Riaan Manser and Vasti Geldenhuys have been rowing from Morocco to New York, where they are due to arrive on Friday.
Riaan Manser and Vasti Geldenhuys have been rowing from Morocco to New York, where they are due to arrive on Friday.

Africa to US rowing voyage nears end

By Murray Williams Time of article published Jun 20, 2014

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Cape Town - The message was short. And yes, sweet.

It read: “Landed on Staten Island. One month at sea from Miami. We’re tired, it’s been long. We’ve almost done it. Friday we do last 25km across finish line at Statue of Liberty. New York City coming out in full force.”

Anyone reading a fat dose of relief into those words would understand immediately when told they were the those of Cape Town adventurer Riaan Manser on Thursday night – and that he and his fiancée, Vasti Geldenhuys, have very nearly rowed a boat from Morocco to New York, where they are to arrive on Friday.

“It all started with a seemingly innocent request for a holiday to New York, but never in her wildest dreams did Vasti think it would take 10 765km of ocean rowing to get her there,” Manser’s support team reported from Cape Town on Thursday.

Their incredible ocean journey became known as “TakeMe2NY”.

Manser’s support team were in sporadic contact with the couple as they made their way up the East Coast of the US on Thursday night, and reported: “Vasti, a lawyer by trade, has always been the support structure for Riaan as he rose to prominence by completing three unparalleled world firsts: cycling the entire perimeter of the African continent, circumnavigation of Madagascar by single kayak, and Iceland with a handicapped partner by double kayak.”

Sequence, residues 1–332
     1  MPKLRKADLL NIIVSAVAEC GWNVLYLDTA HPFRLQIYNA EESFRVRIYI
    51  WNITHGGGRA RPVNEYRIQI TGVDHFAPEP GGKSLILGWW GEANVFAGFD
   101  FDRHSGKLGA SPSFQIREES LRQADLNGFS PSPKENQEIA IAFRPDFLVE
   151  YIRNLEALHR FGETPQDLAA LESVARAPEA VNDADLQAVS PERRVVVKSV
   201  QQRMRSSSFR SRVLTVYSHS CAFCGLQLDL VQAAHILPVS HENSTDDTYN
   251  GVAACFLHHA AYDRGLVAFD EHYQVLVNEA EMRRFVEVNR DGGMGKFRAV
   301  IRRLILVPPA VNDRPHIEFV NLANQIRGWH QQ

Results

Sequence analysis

After 14 years of this, Geldenhuys is now poised to earn “world-firsts” of her own – the first African woman to row across any ocean on the planet, and with Riaan, the first woman to row from mainland Africa to mainland North America.

The pair set out from Agadir in Morocco on December 30.

“With no support boat, no ablution facilities, no luxury. Just Riaan, Vasti, their combined determination and a 7m rowing boat with their supplies,” Manser’s team said.

“Early in the expedition they were struck by the misfortune of capsizing in 7m seas and amazingly while rowing more than 1 800km from the nearest land. What was more unfortunate is that their satellite phone antenna was damaged beyond repair. This meant no internet to obtain essential weather forecasts.

“This journey has tested their resolve like no other, mentally and physically. From blistered hands, rowers claw and blistered backsides to a case of severe food poisoning from a revengeful dorado. It has been nothing short of torturous for 133 days out at sea.

“Despite all of this, Manser’s separation from the boat in the middle of the Atlantic Ocean was the closest the pair came to real-life tragedy.

“The 1.5m box of living space they had to share (was not) big enough when arguments arose and fatigue and emotions boiled over. One thing that brought some sanity was the abundance of sea life, from dolphins and 30-foot (9m) whales swimming alongside their boat to large sharks that swam up to their hands while (they were) trying to film underwater.”

Manser has always said: “There’s an ocean between saying and doing.”

When the couple row past the Statue of Liberty on Friday night, South African time, they will have proved his words’ truth.

Cape Argus

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